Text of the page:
While the most well-known forms of cheating in MLB history are steroids and sign-stealing, Spider Tack has become one of baseball's stickiest issues. While doctoring baseballs has always been a part of the game, the introduction of the sticky foreign substance known as Spider Tack has been an issue that the MLB has tried to crack down on in recent years.
"Spider Tack Gerrit Coke was really generational holy shit" - TyTroll
Originally developed to help bodybuilders in certain events, namely Atlas Stone lifts, the resin-based substance has become popular in wheelchair sports such as wheelchair rugby and wheelchair racing. Considered a "pine tar on steroids," Spider Tack eventually made its way into professional baseball.
In an investigation by The Athletic, the report showed that in comparison to sunscreen and rosin, a baseball gained upwards of 500 rotations per minute when thrown using Spider Tack. The result? More movement on off-speed pitches such as the slider or curveball, and added velocity to the fastball.
Entering the 2022 season, the MLB enforced new rules on "sticky stuff," allowing umpires to not only check a pitcher's glove, hat and belt but also their hands and fingers. The umpires were free to do a random inspection at any point in the game if they felt it necessary.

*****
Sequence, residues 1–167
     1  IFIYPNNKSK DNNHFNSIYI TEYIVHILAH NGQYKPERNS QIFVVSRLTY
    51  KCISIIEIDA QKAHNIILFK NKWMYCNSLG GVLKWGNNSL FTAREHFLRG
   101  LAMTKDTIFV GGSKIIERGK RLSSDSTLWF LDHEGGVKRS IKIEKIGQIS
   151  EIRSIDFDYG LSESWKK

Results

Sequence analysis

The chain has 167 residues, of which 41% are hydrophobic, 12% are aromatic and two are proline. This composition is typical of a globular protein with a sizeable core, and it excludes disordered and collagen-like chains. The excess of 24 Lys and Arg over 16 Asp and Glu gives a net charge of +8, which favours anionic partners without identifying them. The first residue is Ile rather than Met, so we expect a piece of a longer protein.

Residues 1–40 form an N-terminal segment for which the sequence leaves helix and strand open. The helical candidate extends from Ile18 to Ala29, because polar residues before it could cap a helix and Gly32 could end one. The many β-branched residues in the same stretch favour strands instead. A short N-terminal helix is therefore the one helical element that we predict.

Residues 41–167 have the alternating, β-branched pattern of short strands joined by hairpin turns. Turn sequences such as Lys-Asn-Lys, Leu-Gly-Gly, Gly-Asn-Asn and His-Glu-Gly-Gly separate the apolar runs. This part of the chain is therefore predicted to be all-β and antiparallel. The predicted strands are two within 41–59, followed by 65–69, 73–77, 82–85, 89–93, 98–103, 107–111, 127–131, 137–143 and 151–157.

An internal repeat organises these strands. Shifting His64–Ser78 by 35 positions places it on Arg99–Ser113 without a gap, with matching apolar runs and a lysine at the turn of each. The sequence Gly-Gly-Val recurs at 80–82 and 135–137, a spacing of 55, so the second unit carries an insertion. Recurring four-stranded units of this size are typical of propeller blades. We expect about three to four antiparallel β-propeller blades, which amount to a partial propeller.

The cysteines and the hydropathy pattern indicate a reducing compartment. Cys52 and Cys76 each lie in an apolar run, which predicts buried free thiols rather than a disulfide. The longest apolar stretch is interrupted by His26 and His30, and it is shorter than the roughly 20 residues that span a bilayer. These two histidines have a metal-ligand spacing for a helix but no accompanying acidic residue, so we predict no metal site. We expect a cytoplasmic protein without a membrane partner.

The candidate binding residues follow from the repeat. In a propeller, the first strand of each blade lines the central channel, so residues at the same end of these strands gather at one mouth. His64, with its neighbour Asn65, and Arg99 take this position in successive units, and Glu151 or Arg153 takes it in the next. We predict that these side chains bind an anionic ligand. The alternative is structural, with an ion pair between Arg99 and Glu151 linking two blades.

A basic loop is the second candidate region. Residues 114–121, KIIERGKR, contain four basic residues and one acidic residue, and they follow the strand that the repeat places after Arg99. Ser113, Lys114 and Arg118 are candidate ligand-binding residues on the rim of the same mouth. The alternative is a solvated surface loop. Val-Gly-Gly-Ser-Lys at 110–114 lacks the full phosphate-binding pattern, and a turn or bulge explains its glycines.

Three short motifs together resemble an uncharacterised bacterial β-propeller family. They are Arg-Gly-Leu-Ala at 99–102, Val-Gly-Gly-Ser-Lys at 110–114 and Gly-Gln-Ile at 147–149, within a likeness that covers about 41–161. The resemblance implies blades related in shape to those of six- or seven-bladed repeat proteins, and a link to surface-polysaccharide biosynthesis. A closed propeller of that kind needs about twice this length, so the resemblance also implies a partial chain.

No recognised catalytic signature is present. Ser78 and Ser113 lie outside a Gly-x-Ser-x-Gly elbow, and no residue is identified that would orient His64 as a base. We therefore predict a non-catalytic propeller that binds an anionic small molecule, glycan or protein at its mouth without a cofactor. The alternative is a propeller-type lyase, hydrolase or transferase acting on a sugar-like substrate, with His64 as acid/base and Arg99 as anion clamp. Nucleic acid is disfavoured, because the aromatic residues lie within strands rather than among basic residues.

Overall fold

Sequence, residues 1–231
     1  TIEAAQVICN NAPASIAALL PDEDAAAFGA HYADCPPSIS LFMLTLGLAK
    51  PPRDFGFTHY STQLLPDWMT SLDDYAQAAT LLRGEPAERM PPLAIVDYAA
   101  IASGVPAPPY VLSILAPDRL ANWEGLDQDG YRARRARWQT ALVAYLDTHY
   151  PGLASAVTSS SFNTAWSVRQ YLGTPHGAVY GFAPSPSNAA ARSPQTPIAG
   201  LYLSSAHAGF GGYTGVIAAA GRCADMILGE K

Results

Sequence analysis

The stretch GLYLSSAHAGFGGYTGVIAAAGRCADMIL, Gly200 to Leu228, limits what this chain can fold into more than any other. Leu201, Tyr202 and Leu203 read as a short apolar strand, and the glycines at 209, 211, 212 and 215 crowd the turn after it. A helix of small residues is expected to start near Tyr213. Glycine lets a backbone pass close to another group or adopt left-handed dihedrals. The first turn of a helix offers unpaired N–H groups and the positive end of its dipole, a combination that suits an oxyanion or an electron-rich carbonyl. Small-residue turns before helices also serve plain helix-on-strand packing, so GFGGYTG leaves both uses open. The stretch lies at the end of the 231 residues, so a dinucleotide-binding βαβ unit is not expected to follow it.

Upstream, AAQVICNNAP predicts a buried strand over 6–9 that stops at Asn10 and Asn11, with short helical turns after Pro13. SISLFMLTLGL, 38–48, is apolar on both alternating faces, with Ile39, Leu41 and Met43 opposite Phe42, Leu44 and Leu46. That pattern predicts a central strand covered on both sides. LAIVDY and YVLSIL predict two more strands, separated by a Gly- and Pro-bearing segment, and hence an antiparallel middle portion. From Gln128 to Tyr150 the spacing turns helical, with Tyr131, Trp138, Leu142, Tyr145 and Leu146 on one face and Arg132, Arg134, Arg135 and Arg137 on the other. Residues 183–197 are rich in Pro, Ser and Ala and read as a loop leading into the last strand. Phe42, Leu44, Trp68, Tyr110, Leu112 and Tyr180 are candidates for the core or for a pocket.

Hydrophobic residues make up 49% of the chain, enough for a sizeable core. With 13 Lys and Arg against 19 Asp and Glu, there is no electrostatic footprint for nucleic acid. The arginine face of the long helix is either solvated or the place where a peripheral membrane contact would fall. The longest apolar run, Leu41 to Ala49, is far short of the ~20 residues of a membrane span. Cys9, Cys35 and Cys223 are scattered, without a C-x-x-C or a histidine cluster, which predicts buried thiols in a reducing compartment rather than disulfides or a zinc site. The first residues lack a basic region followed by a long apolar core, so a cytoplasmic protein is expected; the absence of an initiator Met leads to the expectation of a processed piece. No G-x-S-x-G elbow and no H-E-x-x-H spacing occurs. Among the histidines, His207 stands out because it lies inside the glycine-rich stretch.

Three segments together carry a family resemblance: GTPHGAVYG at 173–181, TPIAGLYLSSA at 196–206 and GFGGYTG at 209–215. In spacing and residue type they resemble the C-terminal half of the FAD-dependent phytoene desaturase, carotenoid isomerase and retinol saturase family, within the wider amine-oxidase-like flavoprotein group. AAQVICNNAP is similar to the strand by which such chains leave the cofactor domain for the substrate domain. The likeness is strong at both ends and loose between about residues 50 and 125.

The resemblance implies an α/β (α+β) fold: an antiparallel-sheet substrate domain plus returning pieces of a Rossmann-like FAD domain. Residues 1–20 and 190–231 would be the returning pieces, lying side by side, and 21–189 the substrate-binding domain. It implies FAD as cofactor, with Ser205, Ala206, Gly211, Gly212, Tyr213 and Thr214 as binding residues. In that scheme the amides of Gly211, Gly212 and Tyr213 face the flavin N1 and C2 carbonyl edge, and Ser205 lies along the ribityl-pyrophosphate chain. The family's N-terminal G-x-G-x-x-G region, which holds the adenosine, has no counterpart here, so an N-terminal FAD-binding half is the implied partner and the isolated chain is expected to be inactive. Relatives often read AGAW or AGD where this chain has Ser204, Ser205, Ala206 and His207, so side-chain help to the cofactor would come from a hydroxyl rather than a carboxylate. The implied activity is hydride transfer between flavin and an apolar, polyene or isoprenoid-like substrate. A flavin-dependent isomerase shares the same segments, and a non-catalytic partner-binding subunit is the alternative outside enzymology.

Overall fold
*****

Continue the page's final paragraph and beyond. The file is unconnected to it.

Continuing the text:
"Mariners pitcher Hector Santiago is the first player to get ejected for a foreign-substance violation since MLB's crackdown. (via @NBCSWhiteSox)" - SportsCenter
If a pitcher is determined to possess or have applied a foreign substance, they will immediately be ejected from the game and face suspension from the MLB. As a result of the changes implemented by the rule change, the league found a noticeable dip in spin rate league-wide.
The most notorious abuser of the foreign substance is New York Yankees pitcher Gerrit Cole, who has been called out by several different players for his use of the product. Josh Donaldson and Alek Manoah have gone on record to accuse Cole of cheating on several occasions.
"Alek Manoah is forever GOATed for this." - Jared Carrabis
How has the spin rate changed since the Spider Tack crackdown?
In an investigation by the New York Times following the new foreign substance ban, they concluded that out of the 131 players analyzed, only 29 of them did not see a decline in their fastball spin rate. League-wide, there was a decline in strikeouts, as well as an increase in walks and on-base percentage immediately following the implementation of the new rules.
"MLB's new foreign substance policy has added some extra drama to baseball" - FanDuel